Stratford and Shaw: Artistic Turmoil, a Tough Economy & Life is a Cabaret
Superstar Christopher Plummer Plays with Newcomer Nikki M. James
From the beginning, Stratford was known not only for its Shakespeare but also for its ability to attract stars. Director Tyrone Guthrie started things off, and then came Alec Guinness, James Mason, Paul Scofield, Alan Bates, Maggie Smith, Peter Ustinov and many others. This year we had Brian Dennehy in O’Neill’s Hughie and Beckett’s Krapp’s Last Tape, and Christopher Plummer in Shaw’s Caesar and Cleopatra. I missed Dennehy but enjoyed every moment of the 78-year old Plummer’s wise and witty Caesar beguiled in Egypt by the teen-aged Cleopatra. In this production with Nikki M. James playing the young Queen, we had something close to a real teen-ager in the role (she is 27 but looks and sounds much younger).
The casting of the all but unknown James in two major roles in her Stratford debut season was the work of Stratford’s new artistic director Des McAnuff, and one could argue that he must take most of the blame for her less than stellar Juliet. Not a good omen for his new regime. But then it wasn’t planned to be that way - that is, his regime.
When the 2008 Stratford season was announced, there was a trio of artistic directors appointed to succeed Richard Monette. By all accounts, the three new directors couldn’t get along and McAnuff managed to emerge victorious and in sole charge. Perhaps he had sharper elbows. (News Update: After writing this article I learned that Richard Monette (left) passed away in a hospital in London, Ontario. This was sad and surprising news. He had put his heart and soul into the Stratford Festival.)
McAnuff may or may not be an egomaniac; that unpleasant possibility notwithstanding, one must admit that in his first season he has already brought a fresh approach. Stratford has a long tradition and is proud of it, but even venerable institutions need retooling from time to time.
Musicals, Money, and Broadway-on-Avon
Musicals have become Stratford’s cash cows in recent years and there are those who find this turn of events disgraceful. “How,” they ask, “could Stratford’s distinguished Shakespeare company – ‘North America’s leading classical theatre’ it calls itself - become so obsessed with commercialism?”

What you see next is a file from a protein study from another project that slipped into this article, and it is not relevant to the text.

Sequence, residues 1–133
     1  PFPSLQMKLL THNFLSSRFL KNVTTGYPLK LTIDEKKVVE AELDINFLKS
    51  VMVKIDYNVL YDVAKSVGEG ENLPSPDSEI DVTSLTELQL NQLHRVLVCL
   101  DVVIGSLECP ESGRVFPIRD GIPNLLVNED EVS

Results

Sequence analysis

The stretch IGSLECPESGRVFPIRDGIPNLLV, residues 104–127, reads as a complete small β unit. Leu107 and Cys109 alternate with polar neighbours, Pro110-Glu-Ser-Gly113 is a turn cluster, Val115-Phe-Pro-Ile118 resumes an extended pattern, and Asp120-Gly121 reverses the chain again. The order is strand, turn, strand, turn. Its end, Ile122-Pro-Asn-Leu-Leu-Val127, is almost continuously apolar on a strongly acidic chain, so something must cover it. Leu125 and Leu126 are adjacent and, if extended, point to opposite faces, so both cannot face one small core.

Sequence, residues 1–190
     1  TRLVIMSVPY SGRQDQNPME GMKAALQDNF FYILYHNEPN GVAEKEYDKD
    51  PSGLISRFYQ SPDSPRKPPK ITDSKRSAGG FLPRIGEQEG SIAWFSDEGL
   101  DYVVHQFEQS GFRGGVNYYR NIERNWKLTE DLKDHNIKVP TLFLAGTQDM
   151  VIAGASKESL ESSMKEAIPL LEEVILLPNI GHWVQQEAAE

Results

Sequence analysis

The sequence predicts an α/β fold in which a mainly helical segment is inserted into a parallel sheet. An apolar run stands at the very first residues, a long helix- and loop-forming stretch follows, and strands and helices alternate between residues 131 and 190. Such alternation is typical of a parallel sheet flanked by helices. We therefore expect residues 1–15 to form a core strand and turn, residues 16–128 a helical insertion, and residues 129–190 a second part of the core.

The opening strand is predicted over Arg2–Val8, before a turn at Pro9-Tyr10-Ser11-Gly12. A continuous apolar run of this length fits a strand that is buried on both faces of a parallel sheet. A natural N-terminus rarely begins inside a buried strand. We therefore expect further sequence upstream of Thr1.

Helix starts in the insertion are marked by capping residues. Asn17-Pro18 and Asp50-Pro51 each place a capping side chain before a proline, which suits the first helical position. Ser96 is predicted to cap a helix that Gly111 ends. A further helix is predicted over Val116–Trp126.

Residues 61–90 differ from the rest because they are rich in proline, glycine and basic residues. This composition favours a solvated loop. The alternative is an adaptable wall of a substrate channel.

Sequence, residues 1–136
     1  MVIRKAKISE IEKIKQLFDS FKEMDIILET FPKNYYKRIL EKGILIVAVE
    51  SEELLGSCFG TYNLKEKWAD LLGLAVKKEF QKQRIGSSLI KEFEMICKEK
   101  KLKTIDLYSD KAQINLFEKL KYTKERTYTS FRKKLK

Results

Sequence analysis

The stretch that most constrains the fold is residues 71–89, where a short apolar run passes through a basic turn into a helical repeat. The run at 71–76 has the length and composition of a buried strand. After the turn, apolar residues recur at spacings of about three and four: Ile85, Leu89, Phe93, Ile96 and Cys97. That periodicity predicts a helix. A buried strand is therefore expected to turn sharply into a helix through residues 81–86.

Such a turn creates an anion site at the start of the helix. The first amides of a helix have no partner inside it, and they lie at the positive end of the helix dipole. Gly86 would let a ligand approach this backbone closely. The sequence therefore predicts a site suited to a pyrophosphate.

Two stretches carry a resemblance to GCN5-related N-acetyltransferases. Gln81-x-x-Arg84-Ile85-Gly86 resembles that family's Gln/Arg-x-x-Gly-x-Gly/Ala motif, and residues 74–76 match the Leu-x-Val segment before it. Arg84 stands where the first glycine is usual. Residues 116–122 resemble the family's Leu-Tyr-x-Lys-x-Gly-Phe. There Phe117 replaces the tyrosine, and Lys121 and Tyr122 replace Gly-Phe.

The fact is that Stratford is a commercial operation and needs to make a lot of money to sustain itself. It puts on about fifteen shows a year and runs in repertory in three theatres from April to November. The musicals draw the crowds but their success also enables Stratford to continue presenting Shakespeare and more esoteric fare. And, as it happens, Stratford has become one of the best producers of musicals anywhere; this year, for example, we had a brilliantly fresh Cabaret with local favorite Bruce Dow as the Emcee! One has come to expect precision and attention to detail in the Stratford musicals and Cabaret was no exception. The orchestra too sounded wonderful in its ersatz Kurt Weill charts.
I must confess that I dislike the sound systems used everywhere today for musicals. Both the singers (with mikes poking up beside their ears!) and the orchestra in the Stratford musicals, are miked. The idea is to make everything sound bigger and louder and to compensate for tiny voices. No Ethel Mermans need apply anywhere anymore.
The effect of miking an orchestra is usually a congested and artificial sound. No so in this Stratford Cabaret. The Music Man in the same theatre (Avon) the following night, however, was another matter. Since the sound designer for both productions was Jim Neal, it is difficult to know why the results were so different. For the record, our seats were nearly the same for both productions - three or four rows back in the centre section of the orchestra.
In a struggling U.S. economy and with the Canadian dollar nearly at par with the U.S. dollar – not to mention the high cost of gas – there were lots of empty seats for the Stratford performances I attended. It was a similar situation at the Shaw Festival in Niagara-on-the-Lake. While both festivals tend to rely heavily on retirees, at the Shaw this year I was struck by the large numbers of much older patrons.
Life is a Cabaret and Getting Married is a Good Laugh at Shaw!
The Shaw Festival has chosen to concentrate on plays by GBS (George Bernard Shaw) and his contemporaries. That repertoire comprises a large chunk of programming and the company has become very good at it. This year we had Terrence Rattigan’s After the Dance (1939), a depressing drama about bright young things partying their way to destruction between wars. Come to think of it, the theme of this play is not so very different from that of Cabaret. We also had J.B. Priestley’s An Inspector Calls (1945), another play touching on the insularity and selfishness of the British upper classes. Jim Mezon’s direction was atmospheric and provocative, as were the lighting, the sets and the sound effects. The “elevator” almost became another character in the play, and a somewhat nasty one at that.